I looked it up before I posted to confirm my opinion. Cornell keeps a page of AAs to make it easy: http://www.cornellbigred.com/sports/201 ... 04355.aspx

 

At this point, Koll is indeed getting a lot of "resume submissions", if you will, though the entry bar is quite high. But that was not always the case, and the fact that that may be the case today is a direct result of what he did when that was not true.

 

On average, Koll has historically gotten better talent than, say, Flynn, for whom I have similar respect, but he also has done more with it. There are exceptions, as with any coach, like Villalonga and Peppelman. But look at what he's done with AAs such as:

 

Dustin Manotti - never a state champ

Matt Greenberg - never a state champ, started wrestling as a sophomore in HS

Clint Wattenberg - never a state champ

Josh Arnone - never a state champ

Steve Bosak - never a state champ

 

About a third of Koll's AAs since I've been following the program closely circa 2000 or so were never state champs. Name one other coach who has done this. I can't think of one.

 

Of the rest, there were a few "big" recruits, but the rest of the AAs were not as highly rated in HS when compared to the average AA from the other top wrestling schools.

 

I started following Cornell more closely when Travis Lee hit the scene, because I was impressed that someone from Hawaii who was fairly unknown was making noise in D1. Travis himself, while a state champ, was not considered a top recruit until his double Fargo win. I read in an interview that two coaches showed real interest: Koll and Bobby Douglas at Iowa State.

 

Then you have guys like Nahshon Garrett, who were on coaches' radars, but much like Flynn's top guys (Port, Schopp, Avery) were not nearly as heavily recruited as the tier 1 blue chippers. And look at their output and improvement.

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Every so often I'll dig up some HS results from years back and it's amazing how many kids that were "can't miss" that never did anything of note once they got to a D1 program. The list is long...

 

I think it's very difficult to find a 3 tool wrestler that dominated in HS and then brought it to D1. Usually they really, really struggle on bottom. Or, their great shooting ability is neutralized in college. As for riding, I'm with a lot of folks on here. If you're not trying to turn and pin a guy, then you aren't going to be allowed to just lay on top of the guy.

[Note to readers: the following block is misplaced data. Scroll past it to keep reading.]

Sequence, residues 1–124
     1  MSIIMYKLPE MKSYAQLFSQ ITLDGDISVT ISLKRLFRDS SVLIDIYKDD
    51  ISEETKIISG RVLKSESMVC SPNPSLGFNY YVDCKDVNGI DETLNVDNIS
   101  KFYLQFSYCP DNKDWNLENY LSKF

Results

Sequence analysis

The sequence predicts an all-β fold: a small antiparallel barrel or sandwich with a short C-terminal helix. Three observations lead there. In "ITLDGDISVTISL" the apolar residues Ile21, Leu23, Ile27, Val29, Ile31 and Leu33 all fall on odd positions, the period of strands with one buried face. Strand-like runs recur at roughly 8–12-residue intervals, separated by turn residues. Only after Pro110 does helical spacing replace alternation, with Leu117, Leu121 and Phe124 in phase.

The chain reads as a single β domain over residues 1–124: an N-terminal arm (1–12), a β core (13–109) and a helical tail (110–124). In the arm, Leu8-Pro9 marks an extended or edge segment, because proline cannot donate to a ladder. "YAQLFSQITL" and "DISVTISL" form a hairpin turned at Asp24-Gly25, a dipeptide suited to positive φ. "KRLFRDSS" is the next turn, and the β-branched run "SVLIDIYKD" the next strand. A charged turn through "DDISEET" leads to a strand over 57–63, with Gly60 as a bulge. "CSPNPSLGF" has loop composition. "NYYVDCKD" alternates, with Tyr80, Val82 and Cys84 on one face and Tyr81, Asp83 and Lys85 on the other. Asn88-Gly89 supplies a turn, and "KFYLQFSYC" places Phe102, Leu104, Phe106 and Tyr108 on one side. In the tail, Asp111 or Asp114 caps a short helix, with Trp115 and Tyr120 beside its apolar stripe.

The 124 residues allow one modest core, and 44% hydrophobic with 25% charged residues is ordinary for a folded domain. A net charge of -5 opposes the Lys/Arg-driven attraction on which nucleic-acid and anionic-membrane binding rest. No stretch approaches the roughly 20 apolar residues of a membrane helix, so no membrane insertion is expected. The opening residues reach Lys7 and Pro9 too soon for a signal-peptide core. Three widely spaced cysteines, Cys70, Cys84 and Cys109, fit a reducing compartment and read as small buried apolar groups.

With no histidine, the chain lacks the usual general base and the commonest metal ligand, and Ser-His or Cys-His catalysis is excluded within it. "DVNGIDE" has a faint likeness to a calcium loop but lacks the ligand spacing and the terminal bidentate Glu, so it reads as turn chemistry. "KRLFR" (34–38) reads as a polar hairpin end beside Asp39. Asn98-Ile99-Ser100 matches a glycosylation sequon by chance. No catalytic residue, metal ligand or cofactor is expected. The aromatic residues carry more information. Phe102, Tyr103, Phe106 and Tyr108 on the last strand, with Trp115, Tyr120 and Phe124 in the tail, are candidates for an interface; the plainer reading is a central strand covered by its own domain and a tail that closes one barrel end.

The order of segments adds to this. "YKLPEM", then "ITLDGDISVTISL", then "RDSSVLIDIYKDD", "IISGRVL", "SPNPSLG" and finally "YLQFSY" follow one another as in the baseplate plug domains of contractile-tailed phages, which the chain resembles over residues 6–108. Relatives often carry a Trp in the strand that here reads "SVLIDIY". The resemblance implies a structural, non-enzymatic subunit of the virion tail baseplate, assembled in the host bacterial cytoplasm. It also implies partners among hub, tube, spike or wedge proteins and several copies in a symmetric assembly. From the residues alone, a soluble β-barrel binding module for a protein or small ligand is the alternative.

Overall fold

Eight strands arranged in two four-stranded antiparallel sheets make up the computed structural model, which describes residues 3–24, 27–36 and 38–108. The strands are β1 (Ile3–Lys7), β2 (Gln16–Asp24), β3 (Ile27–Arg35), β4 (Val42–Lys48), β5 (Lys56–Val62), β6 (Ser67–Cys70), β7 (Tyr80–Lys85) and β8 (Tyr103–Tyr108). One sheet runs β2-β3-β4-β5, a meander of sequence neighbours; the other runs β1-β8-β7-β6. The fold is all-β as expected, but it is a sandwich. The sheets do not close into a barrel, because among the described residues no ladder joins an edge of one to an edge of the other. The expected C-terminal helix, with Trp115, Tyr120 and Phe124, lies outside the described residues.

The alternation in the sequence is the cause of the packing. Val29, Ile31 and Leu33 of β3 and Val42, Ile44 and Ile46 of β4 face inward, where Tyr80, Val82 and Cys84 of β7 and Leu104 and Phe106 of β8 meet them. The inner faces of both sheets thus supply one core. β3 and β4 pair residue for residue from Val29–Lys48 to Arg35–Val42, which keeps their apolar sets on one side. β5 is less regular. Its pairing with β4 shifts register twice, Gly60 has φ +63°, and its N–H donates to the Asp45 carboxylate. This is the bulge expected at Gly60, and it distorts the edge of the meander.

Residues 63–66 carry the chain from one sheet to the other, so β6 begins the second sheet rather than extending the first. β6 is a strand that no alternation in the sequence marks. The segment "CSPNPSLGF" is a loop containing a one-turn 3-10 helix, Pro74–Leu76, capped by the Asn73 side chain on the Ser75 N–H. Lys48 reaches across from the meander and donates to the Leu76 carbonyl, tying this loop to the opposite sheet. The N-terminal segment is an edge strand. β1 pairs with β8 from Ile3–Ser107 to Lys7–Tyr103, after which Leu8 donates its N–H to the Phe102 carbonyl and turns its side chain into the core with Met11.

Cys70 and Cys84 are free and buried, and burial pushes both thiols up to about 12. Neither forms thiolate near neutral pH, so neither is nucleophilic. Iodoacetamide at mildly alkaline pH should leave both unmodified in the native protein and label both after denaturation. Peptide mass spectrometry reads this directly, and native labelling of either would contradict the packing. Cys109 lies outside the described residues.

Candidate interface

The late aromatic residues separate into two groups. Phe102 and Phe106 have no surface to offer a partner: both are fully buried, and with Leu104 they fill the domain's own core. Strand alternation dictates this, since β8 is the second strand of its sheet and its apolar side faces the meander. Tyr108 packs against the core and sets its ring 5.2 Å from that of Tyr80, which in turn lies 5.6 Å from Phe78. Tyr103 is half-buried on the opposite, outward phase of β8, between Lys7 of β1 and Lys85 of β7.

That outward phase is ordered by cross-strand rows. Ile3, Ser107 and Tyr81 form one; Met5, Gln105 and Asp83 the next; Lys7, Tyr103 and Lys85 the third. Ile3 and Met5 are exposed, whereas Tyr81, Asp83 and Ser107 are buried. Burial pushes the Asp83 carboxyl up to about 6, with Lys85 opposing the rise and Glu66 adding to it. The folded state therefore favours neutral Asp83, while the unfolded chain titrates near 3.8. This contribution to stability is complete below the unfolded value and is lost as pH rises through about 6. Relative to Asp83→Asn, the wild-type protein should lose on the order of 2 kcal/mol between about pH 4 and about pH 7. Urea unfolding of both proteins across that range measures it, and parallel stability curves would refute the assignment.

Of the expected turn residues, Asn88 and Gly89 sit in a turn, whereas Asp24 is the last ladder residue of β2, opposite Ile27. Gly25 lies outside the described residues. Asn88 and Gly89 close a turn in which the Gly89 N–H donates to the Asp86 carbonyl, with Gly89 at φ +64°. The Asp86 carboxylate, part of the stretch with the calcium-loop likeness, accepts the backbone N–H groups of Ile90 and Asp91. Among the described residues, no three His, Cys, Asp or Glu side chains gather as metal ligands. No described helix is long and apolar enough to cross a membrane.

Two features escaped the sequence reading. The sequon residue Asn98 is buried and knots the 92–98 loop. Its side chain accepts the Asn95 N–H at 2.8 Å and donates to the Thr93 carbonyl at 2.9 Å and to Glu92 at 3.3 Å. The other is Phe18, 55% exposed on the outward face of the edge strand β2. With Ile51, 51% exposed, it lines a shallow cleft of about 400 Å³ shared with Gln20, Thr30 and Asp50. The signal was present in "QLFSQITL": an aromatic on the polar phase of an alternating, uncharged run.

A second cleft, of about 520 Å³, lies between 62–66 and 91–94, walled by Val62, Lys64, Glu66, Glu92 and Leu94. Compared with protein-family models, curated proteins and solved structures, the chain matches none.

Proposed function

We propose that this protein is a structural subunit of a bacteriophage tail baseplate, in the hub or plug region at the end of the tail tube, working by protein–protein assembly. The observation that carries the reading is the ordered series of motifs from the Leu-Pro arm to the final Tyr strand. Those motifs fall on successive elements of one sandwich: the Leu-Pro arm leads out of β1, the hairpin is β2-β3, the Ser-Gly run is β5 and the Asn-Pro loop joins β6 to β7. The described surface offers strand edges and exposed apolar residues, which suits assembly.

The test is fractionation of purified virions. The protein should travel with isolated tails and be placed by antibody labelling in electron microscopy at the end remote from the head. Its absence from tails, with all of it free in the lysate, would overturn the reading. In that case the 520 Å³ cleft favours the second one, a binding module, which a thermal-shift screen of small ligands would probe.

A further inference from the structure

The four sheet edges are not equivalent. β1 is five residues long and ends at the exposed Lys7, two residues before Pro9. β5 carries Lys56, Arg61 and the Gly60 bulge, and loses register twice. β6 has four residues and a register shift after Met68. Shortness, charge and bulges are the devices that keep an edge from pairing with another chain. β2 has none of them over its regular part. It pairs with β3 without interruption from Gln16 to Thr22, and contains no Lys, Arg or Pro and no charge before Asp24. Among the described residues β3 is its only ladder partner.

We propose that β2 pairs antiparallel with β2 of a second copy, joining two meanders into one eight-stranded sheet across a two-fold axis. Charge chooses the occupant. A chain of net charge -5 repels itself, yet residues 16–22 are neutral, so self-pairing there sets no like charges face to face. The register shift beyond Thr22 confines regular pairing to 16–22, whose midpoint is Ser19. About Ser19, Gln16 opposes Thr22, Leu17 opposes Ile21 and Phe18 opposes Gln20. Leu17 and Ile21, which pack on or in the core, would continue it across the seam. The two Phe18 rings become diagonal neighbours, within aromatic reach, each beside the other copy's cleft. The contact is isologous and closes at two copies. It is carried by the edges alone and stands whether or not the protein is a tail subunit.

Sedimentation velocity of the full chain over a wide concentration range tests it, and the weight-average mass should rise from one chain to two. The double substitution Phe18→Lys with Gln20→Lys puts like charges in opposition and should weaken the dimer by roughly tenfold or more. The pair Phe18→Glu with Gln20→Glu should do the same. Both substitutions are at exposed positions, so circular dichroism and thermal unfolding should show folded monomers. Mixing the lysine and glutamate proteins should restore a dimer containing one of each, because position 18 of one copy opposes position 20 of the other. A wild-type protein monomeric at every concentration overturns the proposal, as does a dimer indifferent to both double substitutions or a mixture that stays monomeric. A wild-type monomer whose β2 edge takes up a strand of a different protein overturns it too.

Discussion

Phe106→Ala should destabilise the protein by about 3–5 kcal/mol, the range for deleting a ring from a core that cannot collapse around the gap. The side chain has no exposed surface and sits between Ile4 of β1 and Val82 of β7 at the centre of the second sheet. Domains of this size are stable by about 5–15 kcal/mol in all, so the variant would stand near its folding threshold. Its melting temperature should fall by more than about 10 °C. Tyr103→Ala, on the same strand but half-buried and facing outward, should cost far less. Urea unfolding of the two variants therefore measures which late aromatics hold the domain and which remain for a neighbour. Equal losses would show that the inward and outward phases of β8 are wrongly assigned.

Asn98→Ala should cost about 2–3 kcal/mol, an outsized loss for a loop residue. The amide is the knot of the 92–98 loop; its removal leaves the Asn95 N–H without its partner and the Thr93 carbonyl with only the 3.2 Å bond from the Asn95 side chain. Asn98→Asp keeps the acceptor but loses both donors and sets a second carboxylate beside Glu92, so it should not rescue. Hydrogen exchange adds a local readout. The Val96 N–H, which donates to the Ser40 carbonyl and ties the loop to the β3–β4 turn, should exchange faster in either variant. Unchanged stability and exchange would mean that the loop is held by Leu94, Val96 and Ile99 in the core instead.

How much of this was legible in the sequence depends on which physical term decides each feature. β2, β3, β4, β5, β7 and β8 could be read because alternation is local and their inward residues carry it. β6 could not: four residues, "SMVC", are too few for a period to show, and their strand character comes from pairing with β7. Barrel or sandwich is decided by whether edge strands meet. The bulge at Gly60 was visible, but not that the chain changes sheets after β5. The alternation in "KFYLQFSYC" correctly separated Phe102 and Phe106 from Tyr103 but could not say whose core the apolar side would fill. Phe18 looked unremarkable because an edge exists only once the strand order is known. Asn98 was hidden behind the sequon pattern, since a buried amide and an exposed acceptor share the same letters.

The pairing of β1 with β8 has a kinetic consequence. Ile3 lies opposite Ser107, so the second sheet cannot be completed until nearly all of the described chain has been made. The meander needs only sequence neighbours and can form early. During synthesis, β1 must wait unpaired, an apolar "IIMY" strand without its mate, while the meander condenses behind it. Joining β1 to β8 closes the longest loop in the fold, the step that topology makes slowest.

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Brian Smith. Michael Chandler, Tyler McCormick, Mark Ellis, Drake Houdashelt, Nick Marable, etc. Untapped talent usually takes a few years to manifest itself with good coaching and the right atmosphere. I'm not saying he's the best there is, but Brian Smith is a guy that any wrestler would be lucky to have coach their own son.

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After John Smith had taken numerous top notch teams to the NCAAs only to see them underperform, when he finally got his Cowboy team over the hump he was ask what was different about this team.

 

His answer paraphrased because I can not remember the exact text was, he used to recruit the best wrestlers he could and tried to teach them toughness, but now he recruited the toughest sonofaguns he could and then taught them how to wrestle.

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I used to argue with Stan Abel. I said quit recruiting slick guys. Recruit tough guys and make them slick. You can make a tough guy skick, but you can't makeba slick guy tough. He listened some Metzger, Frizzell, Schultz brothers, Dan Chaid Sr, and John Kading were guys he recuited after my time at OU.

 

One of the best lines was Greg Strobel when asked who'd he rather wrestle in the NCAA finals Al Nacin or Ben Ohai. Greg said Nacin he's slicker, but you can make him quit. Ohai won't quit, if you had a stick he'd try to take it away from you. He wrestled Ohai in the finals and won in OT.